Johnson's retirement would be ‘bad for the league’

Josh Katzenstein
The Detroit News

San Francisco — Most people who have crossed paths with Calvin Johnson during his NFL career have a story about him being a remarkable talent while remaining unassuming.

Former kicker Jay Feely sat next to Johnson at the NCAA men’s basketball championship game in 2013. At first, Feely didn’t recognize Johnson, but based on their conversation, said the Lions receiver is “one of the nicest men you’ll ever meet.”

“That’s how I’ll remember him the most, this guy who dominates on the field, but is just so gracious and kind off the field,” Feely said Monday at a Super Bowl media event featuring CBS broadcasters.

ESPN reported last weekend Johnson told his family, Lions coach Jim Caldwell and a couple teammates this season would be his final one after nine years.

Since the news broke, former players have expressed a variety of feelings about the possibility Johnson has played his last game.

“It’s got to be in your heart to play, but it’s a sad thing knowing that this could be the last of Calvin Johnson,” former quarterback Boomer Esiason said.

Lions fans have experienced the pain of losing their star player — Hall of Fame running back Barry Sanders retired in 1999 after 10 stellar seasons.

“I wish he would still play, just like when Barry Sanders retired,” Esiason said. “It’s bad for the league because they’re great players, they’re great people.”

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Johnson had 88 catches for 1,214 yards and nine touchdowns this year, but in recent seasons, his body has taken a beating and has missed significant time with ankle, knee and finger injuries.

Phil Simms, the former Giants quarterback, and Bart Scott, the former Jets and Ravens linebacker, said Johnson’s size — 6-foot-5 and 237 pounds — could make it harder for him to absorb all the hits a receiver takes in a season.

“I’m not shocked about Calvin Johnson (possibly) retiring,” Simms said. “He’s a big man, and people have got to look at it. He stays in great shape, but when you’re that big, to do all that running and everything he does in football, that’s tough.”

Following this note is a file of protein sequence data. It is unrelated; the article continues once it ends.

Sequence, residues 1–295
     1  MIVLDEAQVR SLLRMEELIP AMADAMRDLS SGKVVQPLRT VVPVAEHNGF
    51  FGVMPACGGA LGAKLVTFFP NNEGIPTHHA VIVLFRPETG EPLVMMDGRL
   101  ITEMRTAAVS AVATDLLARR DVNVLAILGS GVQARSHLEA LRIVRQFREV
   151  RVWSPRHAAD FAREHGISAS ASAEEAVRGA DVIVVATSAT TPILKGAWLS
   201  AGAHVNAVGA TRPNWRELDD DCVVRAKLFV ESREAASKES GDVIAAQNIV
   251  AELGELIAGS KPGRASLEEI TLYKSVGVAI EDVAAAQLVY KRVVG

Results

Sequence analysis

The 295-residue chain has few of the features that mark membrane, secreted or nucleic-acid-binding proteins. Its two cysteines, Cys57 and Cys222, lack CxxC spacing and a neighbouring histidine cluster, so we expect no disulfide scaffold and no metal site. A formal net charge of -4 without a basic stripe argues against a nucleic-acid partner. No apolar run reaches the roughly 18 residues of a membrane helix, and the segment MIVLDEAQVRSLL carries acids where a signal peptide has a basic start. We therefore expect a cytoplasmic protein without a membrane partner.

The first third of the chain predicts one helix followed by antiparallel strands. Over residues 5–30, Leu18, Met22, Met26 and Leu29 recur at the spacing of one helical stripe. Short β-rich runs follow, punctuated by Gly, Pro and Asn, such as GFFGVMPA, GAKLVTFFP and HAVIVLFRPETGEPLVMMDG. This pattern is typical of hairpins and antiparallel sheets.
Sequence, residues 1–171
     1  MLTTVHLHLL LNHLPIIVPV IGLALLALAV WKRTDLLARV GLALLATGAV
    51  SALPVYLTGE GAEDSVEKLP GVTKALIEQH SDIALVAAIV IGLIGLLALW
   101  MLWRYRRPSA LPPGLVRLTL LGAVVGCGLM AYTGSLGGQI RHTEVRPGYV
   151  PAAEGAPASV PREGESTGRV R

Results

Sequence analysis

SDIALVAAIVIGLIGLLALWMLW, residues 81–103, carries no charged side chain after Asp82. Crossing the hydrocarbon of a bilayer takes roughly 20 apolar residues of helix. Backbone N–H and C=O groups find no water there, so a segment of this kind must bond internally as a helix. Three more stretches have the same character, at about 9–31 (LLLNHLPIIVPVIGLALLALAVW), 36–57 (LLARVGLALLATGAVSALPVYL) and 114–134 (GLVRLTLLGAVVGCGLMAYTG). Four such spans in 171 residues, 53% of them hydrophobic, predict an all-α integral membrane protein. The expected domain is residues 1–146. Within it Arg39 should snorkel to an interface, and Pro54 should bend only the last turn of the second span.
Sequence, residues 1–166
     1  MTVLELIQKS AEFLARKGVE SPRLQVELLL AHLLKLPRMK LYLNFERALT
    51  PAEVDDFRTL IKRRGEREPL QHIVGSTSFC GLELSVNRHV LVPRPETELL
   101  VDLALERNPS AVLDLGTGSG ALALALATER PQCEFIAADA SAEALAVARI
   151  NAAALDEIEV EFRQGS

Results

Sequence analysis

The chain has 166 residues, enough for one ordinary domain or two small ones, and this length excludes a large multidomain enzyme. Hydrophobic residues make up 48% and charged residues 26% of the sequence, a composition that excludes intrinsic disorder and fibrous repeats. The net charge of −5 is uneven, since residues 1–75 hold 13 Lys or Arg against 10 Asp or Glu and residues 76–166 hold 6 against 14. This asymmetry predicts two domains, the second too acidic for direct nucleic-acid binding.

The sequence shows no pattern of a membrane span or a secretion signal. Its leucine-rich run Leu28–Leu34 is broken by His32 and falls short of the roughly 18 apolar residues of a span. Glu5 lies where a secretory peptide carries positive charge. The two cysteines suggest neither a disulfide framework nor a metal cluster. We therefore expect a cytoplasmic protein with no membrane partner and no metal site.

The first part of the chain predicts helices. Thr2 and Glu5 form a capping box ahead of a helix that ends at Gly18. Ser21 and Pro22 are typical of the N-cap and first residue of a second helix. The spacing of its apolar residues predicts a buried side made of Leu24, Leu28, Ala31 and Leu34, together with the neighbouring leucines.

Scott grew up in Detroit, graduating from Southeastern High, and is still a Lions fan. He knows how difficult it must be to have played as long as Johnson has without winning a playoff game.

“When you talk about losing for nine straight years, people don’t understand,” Scott said. “When you lose a game, it’s like dying — a little piece of you dies. Looking at the forecast for the Lions, they’re not going to the Super Bowl next year or the year after. And it’s like, ‘Well, what am I risking all this for.’

“I guarantee you if he was on a team and they were right on the cusp, they had a great year and they were going back in and he thought the organization was going the right way, he would fight through it. But what am I risking? What am I risking it for? He’s not risking it for money; he has enough money. He’s not risking it for Pro Bowls or All-Pros; he has that.”

Johnson is due a $16 million base salary in 2016, and the Lions haven’t approached his agent about restructuring the deal.

Simms said it might be a long time before the NFL sees another receiver with Johnson’s size. Tony Gonzalez, the future Hall of Fame tight end, said he believed Johnson was a tight end the first time he saw him.

“I’m privileged to be able to see a guy like that,” said Gonzalez, who played 17 seasons. “If he wants to retire, and he can’t do it physically and mentally anymore, I have no problem saying go ahead and retire.”

Simms, however, said it’ll be tough for Johnson to adjust to life without football.

“If his mind can accept it, I’m happy for him,” Simms said. “I’m telling you, I don’t care who you are and how you go out, there’s a big withdrawal when you leave football. Because that feeling you get on Sundays, it will not be matched, and that’s what drags careers on.”